The participants were given detailed documentation to take home, and with “Ma Bell’s Cookbook” by his side, Haaijman soon mastered the art. By the end of 1952, the Natlab was already making hundreds of junction transistors. Not much later, it was already developing its own improvements. Leo Tummers and Piet Jochems acquired lab-wide fame as the co-inventors of the pushed-out base transistor, an electronic component launched by Philips around 1958 that became a major commercial success.

From my conversation with Hajo Meyer, I deduce that Philips’ interest was particularly aroused by the possibilities that transistors brought to telephony. AT&T was already making switchboards with the new electronic components, and in 1952, on their visit to Bell Labs, Haaijman and Meyer were accompanied by a director of Philips’ telephony business from Hilversum – it’s not clear whether he also went with them to the famous April 1952 transistor symposium.

20140303 Natlab 6124 Klostermann
Just a few months after his arrival at the Natlab, Frits Klostermann decided to develop an imaging device to integrate electronic components.


In 1962, Haaijman brought back a chip from a fact-finding trip to the United States: a single slice of semiconductor crystal onto which various electronic components had been soldered and integrated. No one knows where he got it from. There was a rumor at the Natlab that he secretly swiped it when no one was looking, but the true story has been lost to history. The souvenir created quite a stir. The chip’s importance was evident: the Americans had made a giant leap forward in reducing the cost of electronics.

Together with managing director Evert Verwey and group leader Leo Tummers, Haaijman set the course for semiconductor research at the Natlab from the 1950s through the 1970s. They realized they had missed the boat, and several researchers were ordered to drop everything and throw themselves at the new technology. Tummers permanently installed a microscope with Haaijman’s chip on it in his group’s wing of the building. It served as a statement, there to be seen by anyone who still had doubts about the future.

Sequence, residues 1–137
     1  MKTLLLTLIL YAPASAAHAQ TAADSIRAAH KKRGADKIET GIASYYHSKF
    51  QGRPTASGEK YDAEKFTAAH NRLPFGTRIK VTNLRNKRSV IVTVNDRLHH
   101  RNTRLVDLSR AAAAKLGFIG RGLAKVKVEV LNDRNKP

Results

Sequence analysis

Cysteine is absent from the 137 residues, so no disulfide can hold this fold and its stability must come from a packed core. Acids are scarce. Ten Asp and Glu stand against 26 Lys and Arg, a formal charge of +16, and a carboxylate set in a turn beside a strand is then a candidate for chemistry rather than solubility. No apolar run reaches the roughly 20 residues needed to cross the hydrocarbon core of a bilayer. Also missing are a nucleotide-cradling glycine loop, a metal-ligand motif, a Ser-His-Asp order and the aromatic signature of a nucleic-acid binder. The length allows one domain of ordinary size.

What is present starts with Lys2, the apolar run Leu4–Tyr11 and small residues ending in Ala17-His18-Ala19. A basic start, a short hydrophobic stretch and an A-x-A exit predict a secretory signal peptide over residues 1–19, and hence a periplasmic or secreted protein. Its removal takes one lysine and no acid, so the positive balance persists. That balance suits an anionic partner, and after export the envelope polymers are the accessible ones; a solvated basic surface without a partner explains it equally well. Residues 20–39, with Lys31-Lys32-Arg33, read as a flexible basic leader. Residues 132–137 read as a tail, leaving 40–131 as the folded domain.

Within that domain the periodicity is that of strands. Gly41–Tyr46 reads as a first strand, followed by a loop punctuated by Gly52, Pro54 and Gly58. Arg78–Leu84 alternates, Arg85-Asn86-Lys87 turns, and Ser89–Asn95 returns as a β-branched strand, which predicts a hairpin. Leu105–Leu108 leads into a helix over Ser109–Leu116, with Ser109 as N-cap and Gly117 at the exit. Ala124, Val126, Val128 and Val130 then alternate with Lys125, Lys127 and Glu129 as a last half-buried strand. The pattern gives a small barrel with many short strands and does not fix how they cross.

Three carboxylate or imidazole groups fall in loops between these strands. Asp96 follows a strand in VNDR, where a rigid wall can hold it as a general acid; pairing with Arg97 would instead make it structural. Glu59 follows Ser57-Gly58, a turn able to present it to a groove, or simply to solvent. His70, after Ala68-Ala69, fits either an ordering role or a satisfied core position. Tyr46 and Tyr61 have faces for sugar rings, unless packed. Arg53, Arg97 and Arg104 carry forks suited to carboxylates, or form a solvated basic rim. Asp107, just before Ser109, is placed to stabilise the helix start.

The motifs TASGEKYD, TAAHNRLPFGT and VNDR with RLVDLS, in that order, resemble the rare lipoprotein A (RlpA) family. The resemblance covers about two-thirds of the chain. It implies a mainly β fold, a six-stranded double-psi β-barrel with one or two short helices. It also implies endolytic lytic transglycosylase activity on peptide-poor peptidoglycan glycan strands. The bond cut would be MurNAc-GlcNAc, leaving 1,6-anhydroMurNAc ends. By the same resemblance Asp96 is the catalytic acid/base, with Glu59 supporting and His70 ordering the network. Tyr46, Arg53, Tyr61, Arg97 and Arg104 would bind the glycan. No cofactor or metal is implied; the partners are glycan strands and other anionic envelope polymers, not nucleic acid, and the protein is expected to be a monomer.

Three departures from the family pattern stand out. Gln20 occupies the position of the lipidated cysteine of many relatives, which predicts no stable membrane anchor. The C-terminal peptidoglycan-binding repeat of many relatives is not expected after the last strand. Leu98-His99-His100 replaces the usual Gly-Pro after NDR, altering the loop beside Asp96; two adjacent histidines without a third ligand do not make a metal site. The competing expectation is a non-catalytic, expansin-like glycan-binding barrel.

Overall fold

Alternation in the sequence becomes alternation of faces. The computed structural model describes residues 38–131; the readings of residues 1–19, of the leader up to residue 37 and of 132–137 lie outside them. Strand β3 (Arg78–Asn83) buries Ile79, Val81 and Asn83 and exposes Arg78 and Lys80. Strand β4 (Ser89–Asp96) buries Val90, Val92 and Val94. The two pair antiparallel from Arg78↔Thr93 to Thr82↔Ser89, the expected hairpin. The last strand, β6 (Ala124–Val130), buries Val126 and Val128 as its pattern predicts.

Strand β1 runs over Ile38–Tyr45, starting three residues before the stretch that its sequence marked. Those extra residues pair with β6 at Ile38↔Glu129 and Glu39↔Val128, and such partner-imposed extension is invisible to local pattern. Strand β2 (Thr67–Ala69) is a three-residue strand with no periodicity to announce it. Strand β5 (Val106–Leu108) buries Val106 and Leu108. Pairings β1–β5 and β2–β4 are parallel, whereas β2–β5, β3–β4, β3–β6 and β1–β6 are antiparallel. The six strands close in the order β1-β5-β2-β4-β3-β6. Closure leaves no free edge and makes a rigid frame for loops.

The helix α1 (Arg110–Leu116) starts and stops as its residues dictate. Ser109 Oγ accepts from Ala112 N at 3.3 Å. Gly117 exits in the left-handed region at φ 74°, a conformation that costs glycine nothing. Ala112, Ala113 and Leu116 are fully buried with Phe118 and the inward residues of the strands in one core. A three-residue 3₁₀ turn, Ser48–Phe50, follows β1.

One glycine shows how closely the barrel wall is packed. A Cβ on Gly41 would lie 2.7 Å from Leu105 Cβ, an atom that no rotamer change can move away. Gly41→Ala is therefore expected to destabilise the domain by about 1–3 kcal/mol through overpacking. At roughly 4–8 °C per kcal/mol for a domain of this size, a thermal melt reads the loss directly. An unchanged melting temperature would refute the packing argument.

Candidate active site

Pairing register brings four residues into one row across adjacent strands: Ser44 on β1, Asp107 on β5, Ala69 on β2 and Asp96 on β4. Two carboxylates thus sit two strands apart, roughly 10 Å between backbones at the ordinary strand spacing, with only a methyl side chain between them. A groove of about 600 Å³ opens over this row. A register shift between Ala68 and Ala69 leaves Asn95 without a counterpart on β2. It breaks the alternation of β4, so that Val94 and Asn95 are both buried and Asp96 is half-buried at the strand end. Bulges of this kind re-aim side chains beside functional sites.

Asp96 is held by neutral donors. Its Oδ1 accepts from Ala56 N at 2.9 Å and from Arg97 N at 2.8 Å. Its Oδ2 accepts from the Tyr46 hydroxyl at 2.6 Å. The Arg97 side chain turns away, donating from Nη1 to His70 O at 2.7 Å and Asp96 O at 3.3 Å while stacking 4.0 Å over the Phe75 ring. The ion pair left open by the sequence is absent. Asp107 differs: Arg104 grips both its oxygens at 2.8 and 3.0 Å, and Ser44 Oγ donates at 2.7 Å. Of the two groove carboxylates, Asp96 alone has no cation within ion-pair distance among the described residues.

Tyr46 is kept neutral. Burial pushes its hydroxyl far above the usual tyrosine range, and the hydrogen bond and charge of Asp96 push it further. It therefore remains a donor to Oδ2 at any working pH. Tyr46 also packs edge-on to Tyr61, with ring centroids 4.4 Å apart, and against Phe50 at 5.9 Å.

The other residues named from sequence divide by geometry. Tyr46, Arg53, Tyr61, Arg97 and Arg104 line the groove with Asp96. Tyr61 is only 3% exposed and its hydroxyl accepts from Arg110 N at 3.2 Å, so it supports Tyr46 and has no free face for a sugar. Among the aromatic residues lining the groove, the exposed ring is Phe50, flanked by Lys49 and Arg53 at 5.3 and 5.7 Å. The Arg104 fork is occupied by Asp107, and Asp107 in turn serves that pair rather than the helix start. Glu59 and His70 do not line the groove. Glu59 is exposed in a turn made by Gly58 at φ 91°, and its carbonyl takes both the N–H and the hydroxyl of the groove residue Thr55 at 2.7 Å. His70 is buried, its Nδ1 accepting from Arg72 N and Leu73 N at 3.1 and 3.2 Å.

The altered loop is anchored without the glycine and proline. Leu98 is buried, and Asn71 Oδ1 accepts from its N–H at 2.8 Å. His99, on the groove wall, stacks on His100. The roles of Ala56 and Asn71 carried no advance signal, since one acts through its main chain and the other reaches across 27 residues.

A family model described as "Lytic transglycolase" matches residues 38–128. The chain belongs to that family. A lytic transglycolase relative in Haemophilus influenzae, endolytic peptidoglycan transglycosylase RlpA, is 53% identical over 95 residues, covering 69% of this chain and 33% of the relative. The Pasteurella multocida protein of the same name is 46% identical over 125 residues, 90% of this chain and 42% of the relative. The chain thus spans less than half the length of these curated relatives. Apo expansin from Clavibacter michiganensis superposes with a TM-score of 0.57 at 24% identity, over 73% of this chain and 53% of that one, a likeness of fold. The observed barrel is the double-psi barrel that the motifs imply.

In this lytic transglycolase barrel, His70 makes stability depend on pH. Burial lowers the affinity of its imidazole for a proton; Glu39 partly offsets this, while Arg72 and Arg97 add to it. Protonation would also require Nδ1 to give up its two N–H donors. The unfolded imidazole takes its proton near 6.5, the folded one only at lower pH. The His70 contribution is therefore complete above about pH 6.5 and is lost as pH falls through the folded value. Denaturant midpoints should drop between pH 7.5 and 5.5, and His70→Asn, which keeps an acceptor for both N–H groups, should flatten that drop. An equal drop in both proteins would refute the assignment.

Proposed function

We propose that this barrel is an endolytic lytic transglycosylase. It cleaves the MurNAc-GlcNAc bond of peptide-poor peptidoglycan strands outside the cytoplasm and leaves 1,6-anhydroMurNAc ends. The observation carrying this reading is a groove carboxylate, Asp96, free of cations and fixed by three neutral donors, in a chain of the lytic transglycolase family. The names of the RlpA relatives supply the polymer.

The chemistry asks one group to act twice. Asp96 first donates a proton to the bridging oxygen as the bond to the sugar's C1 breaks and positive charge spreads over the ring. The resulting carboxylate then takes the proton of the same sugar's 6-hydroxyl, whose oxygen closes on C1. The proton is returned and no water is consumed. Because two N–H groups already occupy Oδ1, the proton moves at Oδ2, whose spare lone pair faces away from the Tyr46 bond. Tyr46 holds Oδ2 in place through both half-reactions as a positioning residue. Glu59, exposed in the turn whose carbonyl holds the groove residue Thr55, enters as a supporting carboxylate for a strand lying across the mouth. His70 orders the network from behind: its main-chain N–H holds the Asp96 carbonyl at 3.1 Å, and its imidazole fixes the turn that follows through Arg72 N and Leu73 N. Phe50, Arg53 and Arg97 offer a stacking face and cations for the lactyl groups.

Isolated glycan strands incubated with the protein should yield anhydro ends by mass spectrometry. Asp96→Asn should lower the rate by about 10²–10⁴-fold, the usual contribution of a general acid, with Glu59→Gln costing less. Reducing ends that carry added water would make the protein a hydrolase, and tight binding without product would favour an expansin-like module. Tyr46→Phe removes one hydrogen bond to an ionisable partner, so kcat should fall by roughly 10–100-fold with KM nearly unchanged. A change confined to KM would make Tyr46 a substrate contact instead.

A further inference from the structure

“Look at this,” Tummers told Frits Klostermann, a young researcher that had just arrived at the Natlab. “If they did it, we can do it, too.” Klostermann peered through the microscope and saw, for the first time, what a chip looked like: some kind of strange insect, glittering in all the colors of the rainbow.

Tummers asked Klostermann to put a shift register on an integrated circuit. At the time, a shift register consisted of separate elements soldered together: transistors, resistors, diodes and capacitors. Klostermann’s task was to integrate all those components and connections into one small piece of silicon. In other words, to turn them into a chip.

Klostermann’s biggest problem was the photographic equipment to produce masks to lithographically print tiny patterns onto silicon wafers. He could have the masks made in the US, but that would have taken months. He decided to develop an imaging device himself. In a few months, the young engineer created his first configuration. “A simple projection system has been constructed, which seems to produce photographic images of sufficient quality,” he wrote in his report on the final quarter of 1962.

However, because Klostermann’s bosses had other priorities, his efforts got delayed. Ultimately, in 1967, he did produce a Photorepeater. This instrument contained much of the technology needed to produce a wafer stepper, an effort that started at the beginning of the 1970s.